United States Senator Richard Durbin has called for the release of Gambian journalist Chief Ebrima Manneh. A regional court authority recently declared his 2006 arrest illegal and ordered his release. Local journalists add that although there is no formal censorship in the small West African country, they often self-censor out of fear. Ricci Shryock reports from our West Africa Bureau in Dakar.
This week U.S. Senator Richard Durbin highlighted the case of Gambian journalist Ebrima Manneh. Durbin asked the U.S. lawmakers to acknowledge what he calls blatant human rights abuse in West Africa.
"Today, I want to focus the Senate's attention for just a brief moment on a tragic story from the small West African nation of The Gambia," he said. "Chief Ebrima Manneh was a reporter for the Gambian newspaper, The Daily Observer. He was allegedly detained in July 2006 by plainclothes police officers thought to have been from the Gambian National Intelligence Agency after he tried to republish a BBC report critical of the president of that country."
Durbin said the Gambian government denies any involvement in Manneh's arrest. When the senator tried to contact officials at the Gambian Embassy in Washington, there was no response about Manneh.
"He has been held incommunicado, without trial, for two years. Amnesty International considers him a prisoner of conscience and has called for his immediate release," he said.
A West African regional court agrees with Amnesty International's claim. In June, the Economic Community of West African States Community Court of Justice declared the arrest and continual detention of Manneh illegal. They ordered Gambian officials to release him.
Gambian journalists are also engaged in efforts to release Manneh. President of the Gambian Press Association, Ndey Tapha Sosseh, says the international attention is good for their cause.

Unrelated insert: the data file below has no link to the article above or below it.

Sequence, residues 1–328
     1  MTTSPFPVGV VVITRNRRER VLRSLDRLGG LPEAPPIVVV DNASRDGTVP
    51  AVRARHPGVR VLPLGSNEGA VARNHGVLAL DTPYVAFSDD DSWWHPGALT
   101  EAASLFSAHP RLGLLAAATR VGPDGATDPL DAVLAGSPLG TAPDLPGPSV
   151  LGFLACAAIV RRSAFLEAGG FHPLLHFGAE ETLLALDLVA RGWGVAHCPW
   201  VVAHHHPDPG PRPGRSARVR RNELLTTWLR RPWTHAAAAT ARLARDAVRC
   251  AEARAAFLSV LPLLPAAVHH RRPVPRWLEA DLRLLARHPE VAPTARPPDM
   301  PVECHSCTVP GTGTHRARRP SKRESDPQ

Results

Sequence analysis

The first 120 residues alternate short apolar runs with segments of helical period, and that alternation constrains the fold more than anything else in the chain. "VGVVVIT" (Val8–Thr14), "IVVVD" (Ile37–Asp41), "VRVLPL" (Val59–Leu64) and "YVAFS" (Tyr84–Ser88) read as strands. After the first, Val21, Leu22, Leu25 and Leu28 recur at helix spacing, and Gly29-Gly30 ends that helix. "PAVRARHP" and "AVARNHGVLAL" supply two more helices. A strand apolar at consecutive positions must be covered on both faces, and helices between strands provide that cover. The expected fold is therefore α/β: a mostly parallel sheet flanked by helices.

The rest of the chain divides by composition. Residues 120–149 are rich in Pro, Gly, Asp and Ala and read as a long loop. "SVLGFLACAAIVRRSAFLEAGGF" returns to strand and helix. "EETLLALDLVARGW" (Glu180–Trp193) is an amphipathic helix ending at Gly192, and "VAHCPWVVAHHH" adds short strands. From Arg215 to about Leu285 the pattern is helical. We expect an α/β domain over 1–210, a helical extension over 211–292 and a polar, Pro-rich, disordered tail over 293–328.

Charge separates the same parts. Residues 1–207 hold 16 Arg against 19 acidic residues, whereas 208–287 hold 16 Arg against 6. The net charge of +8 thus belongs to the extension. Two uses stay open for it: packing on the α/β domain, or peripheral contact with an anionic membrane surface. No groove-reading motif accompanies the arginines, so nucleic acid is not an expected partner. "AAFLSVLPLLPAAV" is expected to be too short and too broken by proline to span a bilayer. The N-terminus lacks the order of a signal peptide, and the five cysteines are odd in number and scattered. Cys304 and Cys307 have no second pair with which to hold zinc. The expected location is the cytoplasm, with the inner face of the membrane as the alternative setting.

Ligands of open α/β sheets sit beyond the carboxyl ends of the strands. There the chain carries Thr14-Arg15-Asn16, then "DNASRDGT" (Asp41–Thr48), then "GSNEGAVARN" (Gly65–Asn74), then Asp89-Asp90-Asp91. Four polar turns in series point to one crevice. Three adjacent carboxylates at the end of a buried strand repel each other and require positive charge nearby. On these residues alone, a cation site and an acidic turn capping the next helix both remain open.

"For us this is very important, because it attracts visibility. I'm hoping that the Gambian government would respond. Because they have been saying they do not know anything about it," said Sosseh.
Manneh has been missing for two years. Sosseh, who is based in The Gambia's capital of Banjul, adds the local press association is in touch with Manneh's mother and siblings.
"His mother is obviously devastated. She is very old. He has brothers and sisters," said Sosseh. "He was practically their breadwinner. According to his mother, one of his sisters probably will not go back to school in September, because they cannot not afford to pay. He was paying her fees. They were struggling the past two years, but they do not think that she will be going back to school in September."
As the former president of The Gambian Press Association, Demba Jawo says the environment for Gambian journalists is one of self-censorship.
"Being a journalist in The Gambia is definitely not an easy thing. Because a lot of threats, a lot of anxiety as a journalist," said Jawo.
Sosseh adds one recent arrest has added to the chilling effect.
"An editor is actually being charged right now with sedition for publishing a picture of a boy picking up scrap metal-just over that. People are like, 'okay, so what can we talk about now? This is something of national interest.' If we address poverty, we're picked up. If we address day-to-day issues, we're picked up," said Jawo.
As current president of The Gambia, Yahya Jammeh came to power in 1994 after leading a military coup. He has served as president since that time, and he most recently won re-election in 2006.